I was very recently intrigued to read a New York Times article called "Is it Better to Rent or Buy?”. Please click here to see it for yourself.
The article contains a number of interactive calculators to demonstrate the comparison between renting and buying, focusing on the point where the cost of renting makes that option the better one.
There are a wide range of comparison parameters to adjust. They include home price, how long you plan to stay in the property, your mortgage details, possible future rent, investment and inflation rates, taxes, closing costs, maintenance and fees, plus the additional costs of renting.
While there is inevitably a degree of local inaccuracy here as the figures are using national averages, and there will be discussion as to how closely some factors are related to each other, when we played around with the calculators, what struck us again and again was the cost effectiveness of buying.
We weren't at all surprised by these findings, however.
Every renting survey appears to envisage a future where rents will continue with steep rises. This contrasts starkly with a fixed rate mortgage that will afford you the same monthly cost for the duration of the home loan. It's almost inconceivable to envision any foreseeable future where rents will gradually fall, not least because statistics also show that there will continue to be so much demand for them, in recognition of the fact that not everyone is able to make the leap to home ownership, if they so desire.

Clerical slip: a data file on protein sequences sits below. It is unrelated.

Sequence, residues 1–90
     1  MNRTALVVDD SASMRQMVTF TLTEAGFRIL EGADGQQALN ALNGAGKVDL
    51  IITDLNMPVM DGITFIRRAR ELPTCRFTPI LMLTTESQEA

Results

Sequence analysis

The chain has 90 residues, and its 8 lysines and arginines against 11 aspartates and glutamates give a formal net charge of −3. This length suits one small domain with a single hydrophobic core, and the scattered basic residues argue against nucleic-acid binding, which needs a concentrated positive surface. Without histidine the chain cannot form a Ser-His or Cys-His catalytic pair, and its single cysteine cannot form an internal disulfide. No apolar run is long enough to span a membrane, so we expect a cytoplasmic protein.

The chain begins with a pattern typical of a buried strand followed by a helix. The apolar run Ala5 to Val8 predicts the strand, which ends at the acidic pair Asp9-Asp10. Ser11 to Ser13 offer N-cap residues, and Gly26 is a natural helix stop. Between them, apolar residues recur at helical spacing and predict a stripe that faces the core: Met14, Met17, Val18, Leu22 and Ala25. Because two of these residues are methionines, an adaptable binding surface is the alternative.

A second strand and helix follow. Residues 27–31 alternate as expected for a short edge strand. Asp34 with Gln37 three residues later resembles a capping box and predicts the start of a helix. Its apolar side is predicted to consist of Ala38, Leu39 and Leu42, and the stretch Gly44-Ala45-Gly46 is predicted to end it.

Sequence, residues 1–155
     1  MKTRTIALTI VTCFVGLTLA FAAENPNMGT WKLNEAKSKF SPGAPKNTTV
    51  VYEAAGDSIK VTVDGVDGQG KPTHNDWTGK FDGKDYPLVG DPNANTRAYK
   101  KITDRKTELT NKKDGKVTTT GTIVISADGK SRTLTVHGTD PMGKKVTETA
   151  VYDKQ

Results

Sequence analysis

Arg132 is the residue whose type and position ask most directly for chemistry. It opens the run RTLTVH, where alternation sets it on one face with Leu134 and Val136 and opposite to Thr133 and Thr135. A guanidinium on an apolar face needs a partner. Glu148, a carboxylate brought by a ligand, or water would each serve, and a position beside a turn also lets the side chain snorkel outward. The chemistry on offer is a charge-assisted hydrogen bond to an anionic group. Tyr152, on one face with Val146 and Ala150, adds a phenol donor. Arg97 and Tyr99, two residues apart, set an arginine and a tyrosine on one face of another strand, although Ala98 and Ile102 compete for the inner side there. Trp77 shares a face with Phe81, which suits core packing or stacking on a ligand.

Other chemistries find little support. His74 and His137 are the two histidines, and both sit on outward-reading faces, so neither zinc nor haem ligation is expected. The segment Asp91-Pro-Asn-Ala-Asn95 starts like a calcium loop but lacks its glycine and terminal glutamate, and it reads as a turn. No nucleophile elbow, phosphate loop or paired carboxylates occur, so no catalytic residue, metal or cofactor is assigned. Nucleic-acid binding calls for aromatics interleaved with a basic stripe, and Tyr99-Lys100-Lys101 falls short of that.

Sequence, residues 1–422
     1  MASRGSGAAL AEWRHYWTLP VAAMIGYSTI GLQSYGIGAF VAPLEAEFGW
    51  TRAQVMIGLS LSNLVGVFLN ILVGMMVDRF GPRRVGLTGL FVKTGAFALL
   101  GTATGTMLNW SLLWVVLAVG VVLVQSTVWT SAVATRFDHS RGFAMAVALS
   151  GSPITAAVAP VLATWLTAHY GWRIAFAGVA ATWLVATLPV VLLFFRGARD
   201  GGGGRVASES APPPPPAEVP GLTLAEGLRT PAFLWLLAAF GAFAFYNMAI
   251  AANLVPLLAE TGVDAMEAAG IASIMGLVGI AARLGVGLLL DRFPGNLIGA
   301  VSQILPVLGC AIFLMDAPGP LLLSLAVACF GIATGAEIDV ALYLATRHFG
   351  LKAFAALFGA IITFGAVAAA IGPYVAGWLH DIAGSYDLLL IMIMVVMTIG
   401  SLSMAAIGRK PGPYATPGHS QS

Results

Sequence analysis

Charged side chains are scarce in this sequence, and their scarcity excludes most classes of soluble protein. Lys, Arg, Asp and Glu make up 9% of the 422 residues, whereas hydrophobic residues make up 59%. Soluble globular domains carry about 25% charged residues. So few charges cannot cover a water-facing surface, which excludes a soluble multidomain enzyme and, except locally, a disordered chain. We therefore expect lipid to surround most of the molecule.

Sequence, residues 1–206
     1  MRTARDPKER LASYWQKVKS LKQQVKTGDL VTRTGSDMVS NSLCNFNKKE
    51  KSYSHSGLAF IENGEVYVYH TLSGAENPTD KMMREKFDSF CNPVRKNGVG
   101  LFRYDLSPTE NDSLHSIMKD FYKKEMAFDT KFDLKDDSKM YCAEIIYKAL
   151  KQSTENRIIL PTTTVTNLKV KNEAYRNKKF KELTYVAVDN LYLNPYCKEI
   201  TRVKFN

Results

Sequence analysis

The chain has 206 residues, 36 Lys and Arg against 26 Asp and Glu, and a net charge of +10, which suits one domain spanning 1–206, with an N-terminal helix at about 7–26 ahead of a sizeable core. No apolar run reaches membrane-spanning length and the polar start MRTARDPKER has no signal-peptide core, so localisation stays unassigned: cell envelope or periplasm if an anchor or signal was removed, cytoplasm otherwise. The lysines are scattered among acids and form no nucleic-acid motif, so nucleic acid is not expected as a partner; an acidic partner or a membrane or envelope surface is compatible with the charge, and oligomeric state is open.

Another key consideration is that renting represents no investment value for you, whereas a home may start to provide equity almost as soon as you move in (always remembering, of course, that values can vary over time).
I sometimes wonder how many renters stop to consider how greatly their monthly rental fee benefits landlords, who are able to pay for the costs associated with owning the home via their rent, in addition to enjoying watching their equity grow as property prices continue to climb.
Given that the future of renting is so secure, landlords can feel even more confident about periodically increasing your rent. As in any selling/purchasing scenario, the price of goods and services directly relates to what the customer is able/willing to pay for them. I'm sure that's a decisive reason behind why we've seen rentals rising by such high percentages in the past few years.
Let's also bear in mind that a national survey last year revealed that average home equity more than doubled between June 2011 and June 2016. And, as I also mentioned in last week's blog, California had seen the joint highest equity growth nationally between June 2015 and June 2016, with an average gain of $29,000 over those 12 months. If you've been renting during those timescales, you've seen none of those benefits, but your landlord most definitely has...
Aside from the financial considerations, there are of course so many lifestyle enhancements associated with owning a place of one's own. No calculator has yet been created that can adequately place a value on having your own private space that's yours to do with and enjoy as you wish. You could even say those aspects are actually priceless!
I hope you have some fun with the NYT article, as it does provide some insight into the buy/rent equation. Why not also contact us today to explore your options in greater detail related to your specific situation.